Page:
Since early 2009, countless tea party groups have formed, most of them small clusters of local activists, but a smaller handful have emerged as major players on the national stage. From message coordination to campaign spending, they all do something different, and they don't always get along. The following is a guide to the giants of the tea party movement.
Tea Party Nation
What it does This group held the first-ever tea party convention in Nashville, Tenn., in February and will hold another next year, paid for with sponsor money and ticket fees. Why it matters Controversy around the Tea Party Nation, a for-profit company, has caused some divisions in the movement. Many criticized its convention as not truly "grassroots" because tickets for the full weekend cost $549. But the convention brought some groups together and marked Sarah Palin's first foray into the movement. How you might know it Palin's convention speech yielded a storm of media coverage, as did her reported $100,000 speaking fee and the hefty price of admission.
Americans for Prosperity
What it does This organization trains activists in multiple states, has helped organize rallies, and spends millions of dollars to air issue ads. Why it matters Founded by billionaire David Koch, Americans for Prosperity, registered as a 501(c)(4) advocacy group, and the AFP Foundation, a 501(c)(3) charity, do more than host activist training events and educate a mil-lion members in 30 states: Both groups will be major players in 2010 election spending. Together, they have announced plans to run roughly $4.6 million in TV ads in Democratic-held congressional districts. How you might know it The group's undisclosed funding has led to accusations of secrecy, and President Obama criticized AFP in a stump speech for campaign finance reform. A recent New Yorker profile of David Koch sparked more debate.
Tea Party Patriots
What it does The movement's largest membership organization, the Tea Party Patriots is a network for leaders to coordinate on nearly any front. Why it matters A 501(c)(4) advocacy group, the Tea Party Patriots hosts weekly conference calls and a website where organizers can share ideas, learn from each other, and coordinate events and initiatives. Organizers estimate total membership is 15 million. How you might know it The group is known for its sheer size, but it takes few unified actions and thus makes less news than some others. It does not associate with the National Tea Party Federation, the Tea Party Express, or the Tea Party Nation, doubting their grassroots credibility.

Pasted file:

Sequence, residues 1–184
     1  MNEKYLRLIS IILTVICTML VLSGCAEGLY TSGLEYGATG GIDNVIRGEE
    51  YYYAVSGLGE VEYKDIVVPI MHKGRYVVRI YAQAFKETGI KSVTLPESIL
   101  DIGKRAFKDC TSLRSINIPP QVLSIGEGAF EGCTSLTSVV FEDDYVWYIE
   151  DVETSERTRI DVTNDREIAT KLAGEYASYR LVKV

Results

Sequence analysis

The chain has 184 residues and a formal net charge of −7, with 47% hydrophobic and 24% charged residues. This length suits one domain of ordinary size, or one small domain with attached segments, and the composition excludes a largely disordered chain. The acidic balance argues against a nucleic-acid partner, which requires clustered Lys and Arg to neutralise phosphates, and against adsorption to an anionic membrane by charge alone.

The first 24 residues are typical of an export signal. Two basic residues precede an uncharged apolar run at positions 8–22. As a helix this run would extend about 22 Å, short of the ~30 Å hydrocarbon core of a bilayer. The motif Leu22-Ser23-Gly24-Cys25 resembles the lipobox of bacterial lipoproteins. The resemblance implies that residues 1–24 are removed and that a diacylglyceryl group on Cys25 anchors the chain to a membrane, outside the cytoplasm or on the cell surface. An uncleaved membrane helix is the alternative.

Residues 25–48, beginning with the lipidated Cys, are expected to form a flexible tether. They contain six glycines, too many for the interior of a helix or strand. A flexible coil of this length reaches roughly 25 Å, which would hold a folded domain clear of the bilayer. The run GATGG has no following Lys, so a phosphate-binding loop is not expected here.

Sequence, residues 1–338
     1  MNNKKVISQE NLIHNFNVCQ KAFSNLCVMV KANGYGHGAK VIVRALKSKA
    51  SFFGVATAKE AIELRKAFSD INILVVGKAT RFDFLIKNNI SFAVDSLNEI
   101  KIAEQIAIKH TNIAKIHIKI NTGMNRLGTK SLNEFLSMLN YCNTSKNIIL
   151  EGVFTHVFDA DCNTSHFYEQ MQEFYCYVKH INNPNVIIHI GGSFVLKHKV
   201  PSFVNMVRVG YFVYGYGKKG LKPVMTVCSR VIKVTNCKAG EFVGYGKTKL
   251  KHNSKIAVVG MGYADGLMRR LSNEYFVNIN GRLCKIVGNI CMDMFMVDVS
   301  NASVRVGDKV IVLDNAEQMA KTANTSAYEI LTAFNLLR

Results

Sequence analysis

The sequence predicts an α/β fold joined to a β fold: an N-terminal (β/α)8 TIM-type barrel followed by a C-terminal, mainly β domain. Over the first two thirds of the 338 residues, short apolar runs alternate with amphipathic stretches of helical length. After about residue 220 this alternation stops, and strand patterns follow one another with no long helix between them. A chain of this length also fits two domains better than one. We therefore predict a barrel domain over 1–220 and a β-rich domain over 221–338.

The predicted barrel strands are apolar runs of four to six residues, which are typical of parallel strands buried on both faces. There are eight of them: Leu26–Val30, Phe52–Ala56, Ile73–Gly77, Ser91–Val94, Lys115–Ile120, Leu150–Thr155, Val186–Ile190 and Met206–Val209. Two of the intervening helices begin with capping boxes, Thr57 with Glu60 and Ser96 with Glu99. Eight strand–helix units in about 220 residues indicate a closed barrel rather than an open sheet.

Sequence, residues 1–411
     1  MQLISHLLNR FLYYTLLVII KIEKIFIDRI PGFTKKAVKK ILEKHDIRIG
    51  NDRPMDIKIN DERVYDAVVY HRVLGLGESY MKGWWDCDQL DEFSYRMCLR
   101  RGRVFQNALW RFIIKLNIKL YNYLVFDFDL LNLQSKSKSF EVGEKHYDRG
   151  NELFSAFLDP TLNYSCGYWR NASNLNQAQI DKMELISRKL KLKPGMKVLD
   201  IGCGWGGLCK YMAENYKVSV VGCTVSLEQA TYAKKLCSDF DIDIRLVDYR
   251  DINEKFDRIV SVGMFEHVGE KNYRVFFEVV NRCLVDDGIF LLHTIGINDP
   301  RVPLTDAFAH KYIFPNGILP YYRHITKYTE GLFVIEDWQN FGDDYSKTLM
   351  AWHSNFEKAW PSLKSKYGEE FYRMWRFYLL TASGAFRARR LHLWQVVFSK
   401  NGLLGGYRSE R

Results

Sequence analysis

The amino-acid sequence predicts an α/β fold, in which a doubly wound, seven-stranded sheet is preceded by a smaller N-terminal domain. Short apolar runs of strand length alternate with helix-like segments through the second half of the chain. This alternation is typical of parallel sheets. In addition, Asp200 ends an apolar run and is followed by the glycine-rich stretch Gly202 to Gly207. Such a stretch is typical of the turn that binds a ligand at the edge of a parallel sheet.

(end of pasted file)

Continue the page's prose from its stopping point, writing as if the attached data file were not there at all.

Tea Party Express
What it does This political action committee has sponsored three nationwide bus tours, drawing thousands to rallies and building membership. It also spends money on conservative candidates. Why it matters The Tea Party Express's rallies account for a significant portion of the movement's media coverage. More important, the group is largely responsible for a few victories by notable candidates, having spent hundreds of thousands of dollars on the Senate bids of Republicans Sharron Angle in Nevada and Joe Miller in Alaska. It is the only national tea party group that raises and spends significant money on GOP primaries. How you might know it Former Chairman Mark Williams caused a huge backlash this summer by comparing the NAACP to slave traders. Success in elections has brought more favorable press since then.
What it does FreedomWorks facilitates activism by advising its members where to find rallies and events. It also hosts activists for training seminars in Washington and helps organize rallies. Why it matters This group was instrumental in supporting the movement early on, facilitating the nationwide Tax Day protests in 2009 by working with organizers and turning its website into a hub to help people locate rallies. Under Chairman Dick Armey, a former House majority leader, it has also organized rallies in Washington. FreedomWorks adds political savvy to the grassroots movement by training grassroots activists. How you might know it The tea party movement has raised Armey's profile in the past year. FreedomWorks' activist-training seminars in D.C. have garnered press coverage.
National Tea Party Federation
What it does The federation serves as a discussion forum for tea party organizers from multiple groups, and it coordinates responses to attacks on the movement. Why it matters This is the only organization that ties the movement together, which is composed of both large national organizations and smaller, local and regional groups. The Tea Party Patriots has abstained from joining the federation. The umbrella group, organized in response to accusations of racism in the tea party ranks, coordinates responses to anti-tea-party attacks and hosts online discussion between organizers. How you might know it Fears that the National Tea Party Federation would seek to control the movement caused a stir when it was formed. More recently, the group demanded that the Tea Party Express expel Mark Williams for racist remarks.
This article appears in the September 11, 2010 edition of National Journal Magazine.